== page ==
Future Directions in the Treatment of DLBCL


Loretta Nastoupil, MD, and John Burke, MD, discuss the future of the therapeutic landscape for patients with transplant-ineligible relapsed/refractory diffuse large B-cell lymphoma.

Loretta Nastoupil, MD: We’ve covered some of the CD19-targeted therapies. What emerging options are you particularly excited about? We just had ASCO [American Society of Clinical Oncology Annual Meeting]. Lugano [International Conference on Malignant Lymphoma] is underway. What are you excited about?

John Burke, MD: The bispecific antibodies are the first thing that come to my mind. We saw a fair number of these reported at ASH [American Society of Hematology Annual Meeting]. Well, at least 4 were reported at ASH: mosunetuzumab, odronextamab, epcoritamab, and glofitamab. All these are in phase 1 trials with escalation of doses and then dose expansions. Some are a little further along in development than others. At Lugano, I saw a presentation on glofitamab and epcoritamab in diffuse large B-cell lymphoma [DLBCL]. They’re still relatively young in their development, but we’re seeing response rates that get your attention in the order of 50% to 70%, with CR [complete response] rates pretty high.

At the early looks we’re seeing—the caveat is that these are phase 1 studies with dose escalation, but they look close to, probably not as highly effective as CAR [chimeric antigen receptor] T cell therapy, but pretty darn close—these are treatments that you might be able to get in somebody pretty quickly. I can see somebody on a Monday and then have him going on a treatment pretty quickly, maybe Thursday or Friday. Definitely, there’s that attractiveness to them where you can get somebody on a pretty effective treatment soon. There is definitely, a lot of hope in my mind that those will make their way into the clinic. How about you? Are there any others? What are your thoughts on the bispecifics?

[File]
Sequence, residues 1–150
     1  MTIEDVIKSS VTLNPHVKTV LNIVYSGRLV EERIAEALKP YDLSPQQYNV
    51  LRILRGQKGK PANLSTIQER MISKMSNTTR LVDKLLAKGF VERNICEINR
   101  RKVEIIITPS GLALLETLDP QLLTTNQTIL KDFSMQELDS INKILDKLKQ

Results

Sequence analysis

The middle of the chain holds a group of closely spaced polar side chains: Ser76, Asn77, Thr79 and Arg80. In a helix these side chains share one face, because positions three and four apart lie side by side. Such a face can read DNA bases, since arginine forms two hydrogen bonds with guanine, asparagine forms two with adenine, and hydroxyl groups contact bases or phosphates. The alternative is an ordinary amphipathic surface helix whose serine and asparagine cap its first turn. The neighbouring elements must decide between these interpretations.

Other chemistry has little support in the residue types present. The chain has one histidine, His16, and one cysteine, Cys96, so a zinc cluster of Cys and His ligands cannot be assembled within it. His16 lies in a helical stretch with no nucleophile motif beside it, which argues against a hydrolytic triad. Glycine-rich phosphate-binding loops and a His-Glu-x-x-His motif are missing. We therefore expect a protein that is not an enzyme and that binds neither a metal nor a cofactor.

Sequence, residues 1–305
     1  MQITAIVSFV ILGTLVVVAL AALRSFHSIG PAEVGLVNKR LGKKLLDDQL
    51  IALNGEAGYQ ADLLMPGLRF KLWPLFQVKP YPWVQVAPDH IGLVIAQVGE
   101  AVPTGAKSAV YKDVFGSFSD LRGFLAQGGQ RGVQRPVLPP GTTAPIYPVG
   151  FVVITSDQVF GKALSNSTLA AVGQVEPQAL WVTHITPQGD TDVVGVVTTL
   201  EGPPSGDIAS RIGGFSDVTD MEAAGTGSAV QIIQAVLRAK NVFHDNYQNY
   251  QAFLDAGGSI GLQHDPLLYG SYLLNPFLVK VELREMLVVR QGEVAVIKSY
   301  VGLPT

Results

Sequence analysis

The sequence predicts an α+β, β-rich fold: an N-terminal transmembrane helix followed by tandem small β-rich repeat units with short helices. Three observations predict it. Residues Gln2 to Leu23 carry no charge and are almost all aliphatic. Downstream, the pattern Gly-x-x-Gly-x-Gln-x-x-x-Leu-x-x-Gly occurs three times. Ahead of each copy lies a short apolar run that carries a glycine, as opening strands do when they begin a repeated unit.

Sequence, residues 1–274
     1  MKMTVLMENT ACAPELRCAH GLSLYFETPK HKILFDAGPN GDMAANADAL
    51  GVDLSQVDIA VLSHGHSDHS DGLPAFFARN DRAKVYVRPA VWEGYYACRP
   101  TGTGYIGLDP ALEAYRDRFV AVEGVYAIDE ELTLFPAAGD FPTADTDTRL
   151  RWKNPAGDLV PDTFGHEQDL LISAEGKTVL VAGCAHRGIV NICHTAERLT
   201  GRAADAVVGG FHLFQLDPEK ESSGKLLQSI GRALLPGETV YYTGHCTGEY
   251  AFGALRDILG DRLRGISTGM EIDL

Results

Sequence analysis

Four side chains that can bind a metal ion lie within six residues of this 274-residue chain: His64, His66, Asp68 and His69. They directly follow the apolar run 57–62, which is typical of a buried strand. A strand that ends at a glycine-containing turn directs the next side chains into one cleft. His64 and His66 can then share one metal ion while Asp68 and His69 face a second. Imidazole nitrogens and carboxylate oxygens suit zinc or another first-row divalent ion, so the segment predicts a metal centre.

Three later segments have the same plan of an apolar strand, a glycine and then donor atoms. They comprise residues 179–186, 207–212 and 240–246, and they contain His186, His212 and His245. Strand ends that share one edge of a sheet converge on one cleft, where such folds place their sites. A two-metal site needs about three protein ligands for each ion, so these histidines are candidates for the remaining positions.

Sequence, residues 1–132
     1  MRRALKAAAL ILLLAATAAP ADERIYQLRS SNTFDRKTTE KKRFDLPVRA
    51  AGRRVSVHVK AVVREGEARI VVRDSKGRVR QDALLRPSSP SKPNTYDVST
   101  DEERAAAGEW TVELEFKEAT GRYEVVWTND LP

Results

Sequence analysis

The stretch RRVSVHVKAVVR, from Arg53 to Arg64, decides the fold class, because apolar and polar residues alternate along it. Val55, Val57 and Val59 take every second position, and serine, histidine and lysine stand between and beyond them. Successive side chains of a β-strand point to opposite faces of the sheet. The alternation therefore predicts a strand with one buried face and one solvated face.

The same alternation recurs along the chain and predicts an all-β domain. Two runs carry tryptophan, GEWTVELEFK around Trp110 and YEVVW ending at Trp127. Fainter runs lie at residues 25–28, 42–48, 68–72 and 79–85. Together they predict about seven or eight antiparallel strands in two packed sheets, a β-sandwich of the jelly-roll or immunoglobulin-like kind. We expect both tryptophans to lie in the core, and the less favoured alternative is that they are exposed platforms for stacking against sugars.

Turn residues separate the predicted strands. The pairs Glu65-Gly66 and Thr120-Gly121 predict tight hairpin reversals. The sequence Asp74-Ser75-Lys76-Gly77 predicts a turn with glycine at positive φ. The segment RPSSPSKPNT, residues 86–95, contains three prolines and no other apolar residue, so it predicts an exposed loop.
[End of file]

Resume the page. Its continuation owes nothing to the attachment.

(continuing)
Loretta Nastoupil, MD: I totally agree. The other potential advantage of the bispecific fold is that they probably will move into combination strategies. We saw some of those data emerge recently where mosunetuzumab is being combined with polatuzumab. Without a randomized comparison if a double is better than a single, it doesn’t look to me that it can be done feasibly. The responses look pretty impressive. The questions everyone wants to know is, how can we mitigate some of the CRS [cytokine release syndrome]? Is a subcutaneous injection going to be the best approach? Is it more aggressive premeds? Do we need to bind up the target with predose of obinutuzumab? All these strategies are employed in some of these studies. But as you said, it’s impossible to draw conclusions that there’s 1 that’s clearly better or 1 strategy that’s clearly better. The duration in the dosing frequency is quite variable from 1 to the other.

You brought up a good point. Some of these patients, particularly with how they’re being introduced into the clinic, have failed multiple lines of therapy. They’re trying to resume some form of normalcy and fewer visits to the clinic would be well received. Do you think we’re ever going to get to a point where we would just omit chemotherapy altogether?

John Burke, MD: I’m not seeing that. We’re still dealing with a disease for which we use chemotherapy and chemotherapy-immunotherapy as the main way to cure it. I don’t see that we’re going to completely eliminate chemotherapy for these patients. Even CAR T-cell therapy uses chemotherapy as lymphodepletion. I would be a little surprised if things move that quickly. My vision of the future in how to advance cures for this disease is to take some of these effective treatments that we’re seeing and move them forward—so what you just said, which is taking something like a bispecific antibody and moving it earlier.